What do you say right now when asked what do you believe about I was astounded years ago when I tested some leaders on this and not one of them felt comfortable enough to explain what they believed about a certain teaching. Realize that is all on me. I had been their pastor for years and I had failed to enable them to do what every 11 year old Baptist kid can. 1 Peter 3:15 says, "Always be prepared to give an answer to everyone who asks you to give the reason for the hope that you have." So what do you believe about creation, redemption, and sanctification? Why do you have hope in these areas? If you look to your heart to see what you can find about these, then you are trying to pull yourself out of quicksand by grabbing your own neck; you are plugging your surge protector in to itself to get power. You heart says Jeremiah 17:9 "is deceitful above all things, and desperately wicked". Well, that's a good place to get answers! Beside so what your heart has good vibrations about creation, redemption, and sanctification? Haven't you ever talked to an atheist, agnostic, Buddhist, or Hindu? They usually feel just fine about all 3. No worries.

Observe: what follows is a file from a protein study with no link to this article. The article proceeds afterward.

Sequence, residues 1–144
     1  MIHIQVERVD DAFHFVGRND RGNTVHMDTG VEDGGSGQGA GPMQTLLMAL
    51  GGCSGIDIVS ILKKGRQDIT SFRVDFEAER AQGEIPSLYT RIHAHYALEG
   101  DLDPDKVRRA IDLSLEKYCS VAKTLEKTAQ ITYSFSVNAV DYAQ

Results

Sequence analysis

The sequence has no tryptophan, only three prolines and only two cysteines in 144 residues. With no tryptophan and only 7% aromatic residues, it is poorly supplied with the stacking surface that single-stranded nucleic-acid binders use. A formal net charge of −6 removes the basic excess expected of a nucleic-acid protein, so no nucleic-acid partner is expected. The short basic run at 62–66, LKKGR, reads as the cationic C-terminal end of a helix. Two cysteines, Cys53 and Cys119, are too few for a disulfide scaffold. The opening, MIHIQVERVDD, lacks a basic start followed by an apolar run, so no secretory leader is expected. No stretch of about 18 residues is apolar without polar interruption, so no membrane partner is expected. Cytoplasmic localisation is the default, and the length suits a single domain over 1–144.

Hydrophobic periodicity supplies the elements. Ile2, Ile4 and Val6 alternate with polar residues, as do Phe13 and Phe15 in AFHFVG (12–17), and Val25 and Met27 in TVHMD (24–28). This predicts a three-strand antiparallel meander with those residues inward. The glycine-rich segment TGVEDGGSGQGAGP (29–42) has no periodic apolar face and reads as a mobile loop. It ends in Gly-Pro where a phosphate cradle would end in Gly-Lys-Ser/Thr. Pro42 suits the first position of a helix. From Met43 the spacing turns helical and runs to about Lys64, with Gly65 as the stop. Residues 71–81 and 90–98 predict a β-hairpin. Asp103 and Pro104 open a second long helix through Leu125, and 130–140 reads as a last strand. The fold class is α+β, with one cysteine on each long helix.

Okay, so you won't plug into your heart; you won't try to reach out from your heart to pull yourself up to proper believing about where you came from, where you're going, and how you're going to get there. You'll go by what you can get your head around. You can get your head around a creator God or at least an Intelligent Designer. But let's not go all unscientific and say He did it in 6 days and not billions of years. And thinking you can get your head around being forgiven for things you'd die if anyone else knew you said, did, or thought, is shallower theology than that of atheist Kris Kristofferson who wrote, "Why Me Lord?". Ouch, but "Love Hurts" as another song goes. Thinking you've gotten your head around redemption hurts, but thinking you've gotten it around sanctification is smarter than St. Paul. He didn't; he said, "I do not understand what I do. For what I want to do I do not do, but what I hate I do" (Rom. 7:15). Not you. You've got your head around sanctification. No wonder Bible Classes and Midweek Services are optional for you!

You don't need Creedal Christianity. You're faith-based individualized Christianity is serving you well. You feel good about it. You got your head around the Big Three of creation, redemption, and sanctification, and look what you've done to prove it. You recycle. You take care of the planet God gave you. You put a kneeling Santa in your Manger scene; you wear your pin proclaiming, "Jesus is the reason for the season", and when the clerk says, "Happy Holidays," you shoot them an icy stare and Clint Eastwood like you say, "Merry Christmas." And you meet the gold standard of Civil Religion for sanctification: you do the best you can.